Overview of Fifth Disease
A virus causes fifth disease. It often results in a red rash on
the arms, legs, and cheeks. For this reason, it’s also known as “slapped cheek
disease.” It’s fairly common and mild in most children, but it can be more
severe for pregnant women or anyone with a compromised immune system.
Most doctors advise their patients to wait out the symptoms
because currently there’s no medication that will shorten the course of the
disease. However, if you have a weakened immune system, your doctor may need to
closely monitor you until the symptoms disappear.
What Causes Fifth Disease?
Parvovirus B19 causes fifth disease. The virus tends to spread
through saliva and respiratory secretions among children who are in elementary
school. It’s most
prevalent in the winter and spring, but it can spread at any time and among
people of any age.
Many adults have antibodies that prevent them from developing
fifth disease because of previous exposure during childhood. However, when people
do become infected as adults, the symptoms can be severe. If you get fifth
disease while pregnant, there are serious risks, including life-threatening
anemia, for your unborn baby.
For children with healthy immune systems, fifth disease is a
common, mild illness that rarely presents lasting consequences.
What Are the Symptoms of Fifth Disease?
The initial symptoms of fifth disease are very general. They
- low-grade fever
- sore throat
After a few days of having these symptoms, most young people
develop a red rash that first appears on the cheeks. The rash often spreads to
the arms, legs, and trunk of the body within a few days. The rash may last for
weeks, but usually by the time you see it you’re no longer contagious.
The rash is more likely to appear in children than in adults with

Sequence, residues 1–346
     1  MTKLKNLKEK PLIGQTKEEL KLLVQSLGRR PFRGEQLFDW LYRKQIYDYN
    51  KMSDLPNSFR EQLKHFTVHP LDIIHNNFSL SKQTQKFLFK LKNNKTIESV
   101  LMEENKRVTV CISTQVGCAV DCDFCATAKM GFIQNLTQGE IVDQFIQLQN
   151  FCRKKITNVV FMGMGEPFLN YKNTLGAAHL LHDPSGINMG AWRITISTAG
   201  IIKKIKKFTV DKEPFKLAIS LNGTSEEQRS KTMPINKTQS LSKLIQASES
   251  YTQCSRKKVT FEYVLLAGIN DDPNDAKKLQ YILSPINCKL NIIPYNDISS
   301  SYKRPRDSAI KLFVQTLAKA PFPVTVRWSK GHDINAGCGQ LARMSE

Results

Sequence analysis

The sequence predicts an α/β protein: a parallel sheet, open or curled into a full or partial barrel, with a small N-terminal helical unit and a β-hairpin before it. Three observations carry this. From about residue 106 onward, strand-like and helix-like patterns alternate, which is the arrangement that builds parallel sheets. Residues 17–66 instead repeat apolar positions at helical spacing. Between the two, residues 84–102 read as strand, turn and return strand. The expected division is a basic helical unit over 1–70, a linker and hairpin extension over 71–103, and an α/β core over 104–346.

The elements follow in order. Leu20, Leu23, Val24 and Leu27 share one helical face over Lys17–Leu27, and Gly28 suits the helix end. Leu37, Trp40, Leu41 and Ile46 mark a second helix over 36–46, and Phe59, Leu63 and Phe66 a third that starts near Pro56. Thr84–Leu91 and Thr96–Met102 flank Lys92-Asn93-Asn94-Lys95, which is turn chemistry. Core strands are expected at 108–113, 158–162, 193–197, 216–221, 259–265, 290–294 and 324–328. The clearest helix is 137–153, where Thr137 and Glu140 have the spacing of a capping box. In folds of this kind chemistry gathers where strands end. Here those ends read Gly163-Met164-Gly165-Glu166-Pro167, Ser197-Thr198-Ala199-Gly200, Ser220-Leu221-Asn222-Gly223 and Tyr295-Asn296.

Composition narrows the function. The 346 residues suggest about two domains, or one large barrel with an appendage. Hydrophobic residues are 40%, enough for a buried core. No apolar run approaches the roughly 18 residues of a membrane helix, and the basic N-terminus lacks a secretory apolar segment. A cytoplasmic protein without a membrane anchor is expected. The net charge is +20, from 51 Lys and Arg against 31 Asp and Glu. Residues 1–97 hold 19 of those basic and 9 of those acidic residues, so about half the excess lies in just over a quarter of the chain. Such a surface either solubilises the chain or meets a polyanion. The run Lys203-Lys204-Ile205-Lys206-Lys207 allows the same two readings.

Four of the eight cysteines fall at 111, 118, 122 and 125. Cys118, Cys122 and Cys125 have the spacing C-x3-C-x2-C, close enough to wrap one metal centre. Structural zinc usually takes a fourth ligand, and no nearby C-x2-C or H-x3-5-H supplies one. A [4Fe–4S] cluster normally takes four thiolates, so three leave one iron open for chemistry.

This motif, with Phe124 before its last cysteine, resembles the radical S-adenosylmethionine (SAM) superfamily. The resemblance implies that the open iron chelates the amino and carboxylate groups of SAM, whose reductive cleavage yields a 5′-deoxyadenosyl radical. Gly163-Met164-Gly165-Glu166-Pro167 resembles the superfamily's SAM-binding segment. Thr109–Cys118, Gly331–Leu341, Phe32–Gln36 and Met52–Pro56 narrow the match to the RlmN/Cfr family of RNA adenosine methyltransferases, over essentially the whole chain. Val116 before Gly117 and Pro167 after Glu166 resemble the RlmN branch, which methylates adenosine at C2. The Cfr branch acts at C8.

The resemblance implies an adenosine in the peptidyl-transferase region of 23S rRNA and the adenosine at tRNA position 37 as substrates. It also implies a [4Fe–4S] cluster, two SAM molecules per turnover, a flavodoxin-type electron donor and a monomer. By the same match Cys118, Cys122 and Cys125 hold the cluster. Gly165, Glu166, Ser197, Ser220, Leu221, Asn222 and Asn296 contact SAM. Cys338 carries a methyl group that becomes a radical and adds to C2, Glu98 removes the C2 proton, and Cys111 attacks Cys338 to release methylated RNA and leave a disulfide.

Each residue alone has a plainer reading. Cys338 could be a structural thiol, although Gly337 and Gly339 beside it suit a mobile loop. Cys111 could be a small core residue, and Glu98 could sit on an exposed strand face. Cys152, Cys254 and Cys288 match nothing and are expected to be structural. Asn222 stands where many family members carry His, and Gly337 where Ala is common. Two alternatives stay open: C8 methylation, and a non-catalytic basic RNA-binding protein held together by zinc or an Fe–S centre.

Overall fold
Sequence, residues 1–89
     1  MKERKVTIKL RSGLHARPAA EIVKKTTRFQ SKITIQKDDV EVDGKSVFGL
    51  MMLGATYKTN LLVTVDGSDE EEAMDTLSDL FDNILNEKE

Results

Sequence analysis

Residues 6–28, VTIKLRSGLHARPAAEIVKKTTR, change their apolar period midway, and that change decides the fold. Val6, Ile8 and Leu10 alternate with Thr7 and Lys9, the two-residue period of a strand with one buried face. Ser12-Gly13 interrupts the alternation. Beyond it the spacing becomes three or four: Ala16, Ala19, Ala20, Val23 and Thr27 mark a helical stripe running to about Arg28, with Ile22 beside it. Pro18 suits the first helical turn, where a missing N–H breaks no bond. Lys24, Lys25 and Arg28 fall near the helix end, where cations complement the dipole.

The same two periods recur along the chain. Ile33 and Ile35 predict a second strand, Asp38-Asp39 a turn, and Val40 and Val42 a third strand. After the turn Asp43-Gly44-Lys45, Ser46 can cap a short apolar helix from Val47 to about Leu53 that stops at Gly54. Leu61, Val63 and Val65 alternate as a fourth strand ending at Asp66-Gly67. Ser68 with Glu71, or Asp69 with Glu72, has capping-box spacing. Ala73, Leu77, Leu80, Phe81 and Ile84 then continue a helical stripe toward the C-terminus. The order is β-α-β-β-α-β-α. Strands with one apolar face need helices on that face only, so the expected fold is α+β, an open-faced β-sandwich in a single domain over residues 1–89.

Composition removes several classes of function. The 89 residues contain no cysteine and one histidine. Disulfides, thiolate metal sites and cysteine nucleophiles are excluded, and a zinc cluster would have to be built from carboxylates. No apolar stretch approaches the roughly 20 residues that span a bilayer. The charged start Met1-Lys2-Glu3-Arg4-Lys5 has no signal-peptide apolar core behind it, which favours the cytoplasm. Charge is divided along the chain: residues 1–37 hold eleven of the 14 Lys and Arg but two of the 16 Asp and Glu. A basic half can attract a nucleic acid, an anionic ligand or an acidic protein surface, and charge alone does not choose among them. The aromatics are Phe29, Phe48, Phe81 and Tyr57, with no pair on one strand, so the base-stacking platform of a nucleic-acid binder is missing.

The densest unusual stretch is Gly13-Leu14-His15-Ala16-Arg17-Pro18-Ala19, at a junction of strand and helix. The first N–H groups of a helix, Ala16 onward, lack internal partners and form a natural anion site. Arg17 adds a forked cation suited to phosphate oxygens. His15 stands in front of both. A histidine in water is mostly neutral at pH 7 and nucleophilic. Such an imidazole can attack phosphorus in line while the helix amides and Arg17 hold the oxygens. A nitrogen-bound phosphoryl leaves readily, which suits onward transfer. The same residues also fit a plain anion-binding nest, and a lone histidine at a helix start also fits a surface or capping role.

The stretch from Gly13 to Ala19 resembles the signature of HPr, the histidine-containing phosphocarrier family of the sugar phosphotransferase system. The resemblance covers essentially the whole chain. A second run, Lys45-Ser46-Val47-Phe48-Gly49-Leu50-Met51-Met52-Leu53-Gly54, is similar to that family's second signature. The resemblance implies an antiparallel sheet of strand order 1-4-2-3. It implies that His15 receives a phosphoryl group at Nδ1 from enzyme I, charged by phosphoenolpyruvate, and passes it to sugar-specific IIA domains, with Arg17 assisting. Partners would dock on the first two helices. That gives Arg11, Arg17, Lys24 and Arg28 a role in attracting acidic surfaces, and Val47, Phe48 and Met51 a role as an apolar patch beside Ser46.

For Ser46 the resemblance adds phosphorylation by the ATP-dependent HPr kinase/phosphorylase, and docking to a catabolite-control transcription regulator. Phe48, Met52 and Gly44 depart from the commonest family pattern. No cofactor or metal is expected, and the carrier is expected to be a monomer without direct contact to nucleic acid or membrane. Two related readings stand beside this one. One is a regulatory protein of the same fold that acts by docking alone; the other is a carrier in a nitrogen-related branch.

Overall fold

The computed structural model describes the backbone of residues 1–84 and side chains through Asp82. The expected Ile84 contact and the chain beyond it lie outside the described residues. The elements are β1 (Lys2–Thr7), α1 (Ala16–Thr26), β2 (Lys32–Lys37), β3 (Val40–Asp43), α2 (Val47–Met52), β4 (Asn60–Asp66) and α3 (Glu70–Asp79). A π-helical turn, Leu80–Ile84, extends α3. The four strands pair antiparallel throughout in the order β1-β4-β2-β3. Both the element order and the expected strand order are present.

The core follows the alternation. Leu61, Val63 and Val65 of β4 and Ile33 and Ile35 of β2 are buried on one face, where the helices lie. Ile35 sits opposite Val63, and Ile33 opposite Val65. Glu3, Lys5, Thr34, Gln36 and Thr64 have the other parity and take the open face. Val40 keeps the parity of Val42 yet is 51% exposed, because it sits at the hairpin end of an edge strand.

fifth disease. In fact, the main symptom adults usually experience is joint
pain. The joint pain can last for several weeks and is usually most prominent
in the wrists, ankles, and knees.
How Is Fifth Disease Diagnosed?
Often, doctors can make the diagnosis just by looking at your
skin rash. Your doctor may test you for specific antibodies if you’re likely to
face serious consequences from fifth disease. This is especially the case if
you’re pregnant or if you have a compromised immune system.
How Is Fifth Disease Treated?
For most healthy people, no treatment is necessary. If your
joints hurt or you have a headache or fever, you may be advised to take
acetaminophen (Tylenol) as needed to relieve these symptoms. Otherwise, you’ll
need to wait for your body to fight off the virus, which usually takes one to
You can help the process along by drinking a lot of fluids and
getting extra rest. Children can often return to school once the red rash
appears since they’re no longer contagious.
What Can Be Expected in the Long Term?
For most healthy patients, fifth disease has no long-term
consequences. However, if your immune system is weakened due to AIDS,
chemotherapy for cancer, or other conditions, you’ll likely need to be under a
doctor’s care as your body attempts to fight off fifth disease.
In particular, you’ll likely need medical attention if you have
any type of anemia. This is because fifth disease can stop your body from
producing red blood cells, which can reduce the amount of oxygen that your
tissue gets. This is especially likely in people with sickle cell anemia. If you
have sickle cell anemia, you should see a doctor right away after being exposed
to fifth disease.
Fifth disease can harm your unborn baby, so it can be dangerous
to develop the condition if you’re pregnant. Fifth disease can also lead to anemia
in your unborn child, which can be life-threatening for them. If necessary,
your doctor may offer you a blood transfusion to help protect your unborn
How Can Fifth Disease Be Prevented?
Since fifth disease usually spreads from one person to another
through airborne secretions, you should try to minimize contact with people who
are sneezing, coughing, or blowing their noses. Washing your hands frequently
can also help reduce the chances of contracting fifth disease. Once you’ve
contracted this virus, though, you’re considered immune for life.